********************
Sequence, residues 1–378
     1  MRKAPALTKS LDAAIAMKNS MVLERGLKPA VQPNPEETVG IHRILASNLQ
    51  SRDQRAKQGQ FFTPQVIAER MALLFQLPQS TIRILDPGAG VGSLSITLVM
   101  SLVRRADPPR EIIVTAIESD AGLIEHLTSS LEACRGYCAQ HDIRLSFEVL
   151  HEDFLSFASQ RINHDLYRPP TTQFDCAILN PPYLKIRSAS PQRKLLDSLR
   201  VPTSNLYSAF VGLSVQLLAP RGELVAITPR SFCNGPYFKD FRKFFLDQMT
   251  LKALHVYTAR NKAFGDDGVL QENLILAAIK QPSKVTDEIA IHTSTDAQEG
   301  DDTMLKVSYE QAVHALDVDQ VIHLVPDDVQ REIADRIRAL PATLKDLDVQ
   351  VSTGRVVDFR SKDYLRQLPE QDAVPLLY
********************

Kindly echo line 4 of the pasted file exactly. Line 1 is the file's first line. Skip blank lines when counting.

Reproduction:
   101  SLVRRADPPR EIIVTAIESD AGLIEHLTSS LEACRGYCAQ HDIRLSFEVL